Sumer, "land of the civilized kings" or "native land", was one of the ancient civilizations and historical regions in southern Mesopotamia, modern-day southern Iraq, during the Chalcolithic and Early Bronze Age. Although the earliest forms of writing in the region do not go back much further than c. 3500 BCE, modern historians have suggested that Sumer was first permanently settled between c. 5500 and 4000 BCE by a non-Semitic people who spoke the Sumerian language (pointing to the names of cities, rivers, basic occupations, etc. as evidence). These conjectured, prehistoric people are now called "proto-Euphrateans" or "Ubaidians", and are theorized to have evolved from the Samarra culture of northern Mesopotamia (Assyria). The Ubaidians were the first civilizing force in Sumer, draining the marshes for agriculture, developing trade, and establishing industries, including weaving, leatherwork, metalwork, masonry, and pottery.
However, some scholars such as Piotr Michalowski and Gerd Steiner, contest the idea of a Proto-Euphratean language or one substrate language. It has been suggested by them and others, that the Sumerian language was originally that of the hunter and fisher peoples, who lived in the marshland and the Eastern Arabia littoral region, and were part of the Arabian bifacial culture. Reliable historical records begin much later; there are none in Sumer of any kind that have been dated before Enmebaragesi (c. 26th century BCE). Professor Juris Zarins believes the Sumerians were settled along the coast of Eastern Arabia, today's Persian Gulf region, before it flooded at the end of the Ice Age. Sumerian literature speaks of their homeland being Dilmun.
Sumerian civilization took form in the Uruk period (4th millennium BCE), continuing into the Jemdat Nasr and Early Dynastic periods. During the 3rd millennium BCE, a close cultural symbiosis developed between the Sumerians (who spoke a language isolate) and the Semitic Akkadian speakers, which included widespread bilingualism. The influence of Sumerian on Akkadian (and vice versa) is evident in all areas, from lexical borrowing on a massive scale, to syntactic, morphological, and phonological convergence. This has prompted scholars to refer to Sumerian and Akkadian in the 3rd millennium BCE as a Sprachbund. Sumer was conquered by the Semitic-speaking kings of the Akkadian Empire around 2270 BCE (short chronology), but Sumerian continued as a sacred language. Native Sumerian rule re-emerged for about a century in the Third Dynasty of Ur (Sumerian Renaissance) of the 21st to 20th centuries BCE, but the Akkadian language also remained in use. The Sumerian city of Eridu, on the coast of the Persian Gulf, was the world's first city, where three separate cultures fused — that of peasant Ubaidian farmers, living in mud-brick huts and practicing irrigation; that of mobile nomadic Semitic pastoralists living in black tents and following herds of sheep and goats; and that of fisher folk, living in reed huts in the marshlands, who may have been the ancestors of the Sumerians.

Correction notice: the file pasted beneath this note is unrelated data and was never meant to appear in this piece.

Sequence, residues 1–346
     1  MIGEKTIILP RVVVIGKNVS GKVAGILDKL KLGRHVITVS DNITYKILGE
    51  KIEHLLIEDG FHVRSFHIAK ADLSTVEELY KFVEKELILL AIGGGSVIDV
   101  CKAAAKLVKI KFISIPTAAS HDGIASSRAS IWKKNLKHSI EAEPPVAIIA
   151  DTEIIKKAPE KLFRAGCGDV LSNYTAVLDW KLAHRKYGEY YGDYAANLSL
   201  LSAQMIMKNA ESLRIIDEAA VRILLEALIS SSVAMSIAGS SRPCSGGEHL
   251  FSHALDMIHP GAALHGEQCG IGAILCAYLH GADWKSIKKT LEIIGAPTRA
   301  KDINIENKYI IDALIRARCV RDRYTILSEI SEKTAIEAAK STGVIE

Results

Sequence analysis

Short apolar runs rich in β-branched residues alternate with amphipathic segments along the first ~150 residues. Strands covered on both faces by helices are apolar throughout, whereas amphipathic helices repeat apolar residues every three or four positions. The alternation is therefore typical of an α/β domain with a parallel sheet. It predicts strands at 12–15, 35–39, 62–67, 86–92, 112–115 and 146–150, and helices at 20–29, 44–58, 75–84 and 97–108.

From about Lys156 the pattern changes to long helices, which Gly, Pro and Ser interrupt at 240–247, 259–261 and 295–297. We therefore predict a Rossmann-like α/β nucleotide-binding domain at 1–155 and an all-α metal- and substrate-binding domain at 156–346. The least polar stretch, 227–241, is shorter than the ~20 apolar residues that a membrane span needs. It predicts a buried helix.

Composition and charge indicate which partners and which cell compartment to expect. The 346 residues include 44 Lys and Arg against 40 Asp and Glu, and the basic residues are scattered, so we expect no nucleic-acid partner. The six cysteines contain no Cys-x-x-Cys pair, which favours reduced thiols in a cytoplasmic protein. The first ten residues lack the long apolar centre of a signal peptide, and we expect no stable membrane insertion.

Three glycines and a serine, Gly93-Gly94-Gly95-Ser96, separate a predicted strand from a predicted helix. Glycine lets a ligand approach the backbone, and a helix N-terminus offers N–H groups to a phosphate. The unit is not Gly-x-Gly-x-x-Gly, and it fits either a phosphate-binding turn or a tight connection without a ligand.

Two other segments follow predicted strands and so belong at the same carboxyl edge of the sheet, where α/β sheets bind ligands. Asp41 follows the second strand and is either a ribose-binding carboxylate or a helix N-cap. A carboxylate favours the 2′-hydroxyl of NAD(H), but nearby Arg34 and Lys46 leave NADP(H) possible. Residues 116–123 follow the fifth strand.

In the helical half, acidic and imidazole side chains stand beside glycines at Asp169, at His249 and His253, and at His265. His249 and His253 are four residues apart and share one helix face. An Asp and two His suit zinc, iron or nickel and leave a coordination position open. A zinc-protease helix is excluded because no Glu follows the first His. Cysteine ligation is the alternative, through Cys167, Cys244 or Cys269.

The irrigated farming together with annual replenishment of soil fertility and the surplus of storable food in temple granaries created by this economy allowed the population of this region to rise to levels never before seen, unlike those found in earlier cultures of shifting cultivators. This much greater population density in turn created and required an extensive labour force and division of labour with many specialised arts and crafts. At the same time, historic overuse of the irrigated soils led to progressive salinisation, and a Malthusian crisis which led to depopulation of the Sumerian region over time, leading to its progressive eclipse by the Akkadians of middle Mesopotamia.
Sumer was also the site of early development of writing, progressing from a stage of proto-writing in the mid 4th millennium BCE to writing proper in the 3rd millennium BCE.